On April 21, 2021, at the Company's Annual and Special Meeting of Shareholders, conducted virtually, all 11 director nominees were elected.

On March 31, 2021, CP completed the installation of the solar energy farm at its Calgary headquarters. This sustainability-driven project is one of the largest private solar farms in Alberta and is expected to generate more power than consumed annually by the main headquarters building.

On March 30, 2021, CP and the Illinois State Toll Highway Authority closed their transaction regarding western access at O’Hare Airport and at Bensenville Yard, CP’s principal rail facility in Chicago, Illinois. The transaction allows for the construction of a new tollway to the west side of O’Hare Airport while protecting CP’s ability to serve its customers moving freight through the critical Chicago gateway.

On March 21, 2021, CP's Board of Directors and President and CEO Keith Creel agreed on certain contract amendments to Mr. Creel's incentive compensation that are intended to see him lead the Company until at least early 2026.

On March 9, 2021, CP announced that it will employ Ballard's hydrogen fuel cell modules in CP's pioneering Hydrogen Locomotive Program. Through its Hydrogen Locomotive Program, CP plans to develop North America’s first hydrogen-powered line-haul freight locomotive by retrofitting a diesel-powered locomotive with Ballard hydrogen fuel cells. This purchase from Ballard further demonstrates the Company's commitment to action on climate change and developing the next generation locomotive – one that produces zero emissions.

2021 Outlook

As a result of diminished expectations for the 2021-2022 Canadian grain crop and ongoing supply chain challenges, CP has updated its 2021 outlook. CP now expects volumes, as measured in RTMs, to grow by low single-digits year-over-year. In spite of the revised volume expectations, CP continues to expect double digit growth in Adjusted diluted EPS based on Adjusted diluted EPS of $3.53 in 2020. CP’s revised guidance continues to assume a decrease in Other components of net periodic benefit recovery by approximately $40 million versus 2020, an effective tax rate of approximately 24.6 percent and capital expenditure of $1.55 billion.

Although CP has provided a forward-looking Non-GAAP measure (Adjusted diluted EPS), management is unable to reconcile, without unreasonable efforts, the forward-looking Adjusted diluted EPS to the most comparable GAAP measure, due to unknown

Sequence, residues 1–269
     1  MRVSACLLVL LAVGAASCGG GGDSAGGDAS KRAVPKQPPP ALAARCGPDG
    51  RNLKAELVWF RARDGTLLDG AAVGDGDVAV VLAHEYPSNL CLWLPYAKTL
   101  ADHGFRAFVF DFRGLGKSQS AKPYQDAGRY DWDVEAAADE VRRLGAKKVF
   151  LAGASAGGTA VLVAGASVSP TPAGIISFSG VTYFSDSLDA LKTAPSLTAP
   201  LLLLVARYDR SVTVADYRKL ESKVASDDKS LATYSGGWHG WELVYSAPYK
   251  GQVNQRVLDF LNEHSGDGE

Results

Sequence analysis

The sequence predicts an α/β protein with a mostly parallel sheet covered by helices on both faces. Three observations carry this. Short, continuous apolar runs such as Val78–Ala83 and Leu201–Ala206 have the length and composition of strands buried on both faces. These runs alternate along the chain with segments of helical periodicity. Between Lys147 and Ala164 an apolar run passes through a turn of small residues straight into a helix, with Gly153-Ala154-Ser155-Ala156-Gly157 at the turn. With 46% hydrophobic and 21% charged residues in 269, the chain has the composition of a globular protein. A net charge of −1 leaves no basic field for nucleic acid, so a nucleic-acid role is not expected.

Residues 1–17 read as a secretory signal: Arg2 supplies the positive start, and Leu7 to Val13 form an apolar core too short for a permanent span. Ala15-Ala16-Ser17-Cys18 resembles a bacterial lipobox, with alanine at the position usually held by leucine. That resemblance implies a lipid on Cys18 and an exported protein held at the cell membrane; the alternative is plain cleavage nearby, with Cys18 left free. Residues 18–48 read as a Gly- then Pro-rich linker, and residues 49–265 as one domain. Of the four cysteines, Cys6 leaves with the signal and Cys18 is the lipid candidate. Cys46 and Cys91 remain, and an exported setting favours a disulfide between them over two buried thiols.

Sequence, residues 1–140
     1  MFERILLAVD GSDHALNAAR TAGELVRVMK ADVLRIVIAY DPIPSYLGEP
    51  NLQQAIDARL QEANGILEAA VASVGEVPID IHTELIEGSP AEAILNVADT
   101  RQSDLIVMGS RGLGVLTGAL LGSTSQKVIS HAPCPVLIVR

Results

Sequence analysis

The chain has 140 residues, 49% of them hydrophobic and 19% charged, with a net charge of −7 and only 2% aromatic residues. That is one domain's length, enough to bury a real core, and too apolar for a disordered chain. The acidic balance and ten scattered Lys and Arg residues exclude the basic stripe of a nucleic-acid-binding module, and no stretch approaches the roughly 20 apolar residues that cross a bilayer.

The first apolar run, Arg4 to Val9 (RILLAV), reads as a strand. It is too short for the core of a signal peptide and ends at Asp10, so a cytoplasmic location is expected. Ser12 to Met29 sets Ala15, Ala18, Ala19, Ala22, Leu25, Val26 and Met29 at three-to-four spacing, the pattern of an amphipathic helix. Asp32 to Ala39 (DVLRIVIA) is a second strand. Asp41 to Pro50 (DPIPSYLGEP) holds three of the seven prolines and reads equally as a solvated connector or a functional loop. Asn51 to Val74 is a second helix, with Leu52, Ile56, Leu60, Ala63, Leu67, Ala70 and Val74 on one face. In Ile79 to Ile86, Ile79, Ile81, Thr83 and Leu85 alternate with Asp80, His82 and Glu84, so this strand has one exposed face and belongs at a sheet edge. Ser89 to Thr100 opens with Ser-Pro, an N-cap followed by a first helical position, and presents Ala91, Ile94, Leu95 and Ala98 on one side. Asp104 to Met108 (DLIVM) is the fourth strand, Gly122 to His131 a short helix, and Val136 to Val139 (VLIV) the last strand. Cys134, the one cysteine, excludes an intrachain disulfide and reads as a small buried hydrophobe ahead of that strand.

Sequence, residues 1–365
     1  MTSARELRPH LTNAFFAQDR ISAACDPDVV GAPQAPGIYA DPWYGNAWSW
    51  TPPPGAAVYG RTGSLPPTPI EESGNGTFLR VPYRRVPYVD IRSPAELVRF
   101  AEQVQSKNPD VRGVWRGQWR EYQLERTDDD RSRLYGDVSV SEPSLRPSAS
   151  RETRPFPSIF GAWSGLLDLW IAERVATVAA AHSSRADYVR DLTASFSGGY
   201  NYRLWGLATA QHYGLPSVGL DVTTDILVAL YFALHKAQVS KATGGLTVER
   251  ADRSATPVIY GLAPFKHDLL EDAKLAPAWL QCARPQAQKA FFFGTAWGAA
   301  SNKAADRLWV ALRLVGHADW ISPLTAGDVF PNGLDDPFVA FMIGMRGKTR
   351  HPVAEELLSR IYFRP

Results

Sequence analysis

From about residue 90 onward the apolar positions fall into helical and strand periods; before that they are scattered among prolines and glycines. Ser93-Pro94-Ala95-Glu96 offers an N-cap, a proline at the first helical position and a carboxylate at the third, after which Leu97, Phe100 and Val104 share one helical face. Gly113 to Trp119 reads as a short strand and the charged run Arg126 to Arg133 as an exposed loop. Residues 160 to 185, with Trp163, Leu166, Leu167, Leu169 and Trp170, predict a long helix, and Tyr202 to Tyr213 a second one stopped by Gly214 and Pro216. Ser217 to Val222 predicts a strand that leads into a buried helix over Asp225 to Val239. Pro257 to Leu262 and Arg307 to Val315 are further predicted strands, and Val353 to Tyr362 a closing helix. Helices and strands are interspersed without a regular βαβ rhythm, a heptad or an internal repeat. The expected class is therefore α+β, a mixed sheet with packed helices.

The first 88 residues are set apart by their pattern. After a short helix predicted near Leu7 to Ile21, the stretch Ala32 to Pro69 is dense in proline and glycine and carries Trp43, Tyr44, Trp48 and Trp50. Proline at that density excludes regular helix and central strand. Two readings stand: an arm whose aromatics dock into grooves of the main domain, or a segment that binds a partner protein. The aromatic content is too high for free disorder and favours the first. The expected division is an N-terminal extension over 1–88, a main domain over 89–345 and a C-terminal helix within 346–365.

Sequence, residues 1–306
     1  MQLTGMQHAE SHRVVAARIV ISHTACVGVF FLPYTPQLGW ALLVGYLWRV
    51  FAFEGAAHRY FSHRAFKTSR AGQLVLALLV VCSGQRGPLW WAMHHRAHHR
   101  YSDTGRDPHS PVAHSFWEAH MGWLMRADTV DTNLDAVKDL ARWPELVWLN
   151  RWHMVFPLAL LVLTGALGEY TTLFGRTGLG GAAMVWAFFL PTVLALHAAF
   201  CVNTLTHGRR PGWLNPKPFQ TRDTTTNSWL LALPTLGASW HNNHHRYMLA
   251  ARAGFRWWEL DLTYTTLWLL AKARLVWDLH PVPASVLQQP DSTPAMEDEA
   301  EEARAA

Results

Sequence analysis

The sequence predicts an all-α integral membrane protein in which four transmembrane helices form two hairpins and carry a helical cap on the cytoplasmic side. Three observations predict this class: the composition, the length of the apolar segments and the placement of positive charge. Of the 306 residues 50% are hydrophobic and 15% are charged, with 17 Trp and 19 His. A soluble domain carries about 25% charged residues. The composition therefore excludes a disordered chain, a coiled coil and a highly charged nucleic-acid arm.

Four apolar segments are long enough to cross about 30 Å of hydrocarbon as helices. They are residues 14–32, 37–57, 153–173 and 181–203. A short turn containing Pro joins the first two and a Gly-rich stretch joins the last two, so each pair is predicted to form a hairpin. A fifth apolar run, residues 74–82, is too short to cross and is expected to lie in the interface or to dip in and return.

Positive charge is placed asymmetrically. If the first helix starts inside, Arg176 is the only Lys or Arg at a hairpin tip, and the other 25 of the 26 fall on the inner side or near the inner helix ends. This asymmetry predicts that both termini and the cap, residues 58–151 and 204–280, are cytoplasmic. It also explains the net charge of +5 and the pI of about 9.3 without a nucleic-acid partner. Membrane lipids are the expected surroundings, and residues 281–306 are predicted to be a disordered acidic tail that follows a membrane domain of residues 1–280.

21


variables and uncertainty related to future results. These unknown variables may include unpredictable transactions of significant value. In recent years, CP has recognized acquisition-related costs (including legal, consulting, and financing fees and fair value gain or loss on FX forward contracts and interest rate hedges), the merger termination payment received, changes in income tax rates and a change to an uncertain tax item. These or other similar, large unforeseen transactions affect diluted EPS but may be excluded from CP’s Adjusted diluted EPS. Additionally, the U.S.-to-Canadian dollar exchange rate is unpredictable and can have a significant impact on CP’s reported results but may be excluded from CP’s Adjusted diluted EPS. In particular, CP excludes the FX impact of translating the Company’s debt and lease liabilities from Adjusted diluted EPS. Please see Forward-Looking Statements in this Item 2. Management's Discussion and Analysis of Financial Condition and Results of Operations for further discussion.

Performance Indicators

The following table lists the key measures of the Company’s operating performance:

For the three months ended September 30For the nine months ended September 30
2021
2020(1)
% Change2021
2020(1)
% Change
Operations Performance
Gross ton-miles (“GTMs”) (millions)64,665 65,997 (2)207,347 200,383 
Train miles (thousands)6,999 7,247 (3)22,406 22,479 — 
Average train weight - excluding local traffic (tons)9,973 9,857 9,953 9,644 
Average train length - excluding local traffic (feet)8,285 8,082 8,192 7,831 
Average terminal dwell (hours)7.2 6.7 7.1 6.5 
Average train speed (miles per hour, or "mph")21.7 22.5 (4)21.4 22.1 (3)
Locomotive productivity (GTMs / operating horsepower)203 207 (2)204 207 (1)
Fuel efficiency (U.S. gallons of locomotive fuel consumed / 1,000 GTMs)0.907 0.926 (2)0.928 0.940 (1)
Total Employees and Workforce
Total employees (average)12,485 12,156 12,411 12,214 
Total employees (end of period)12,262 12,166 12,262 12,166 
Workforce (end of period)12,301 12,185 12,301 12,185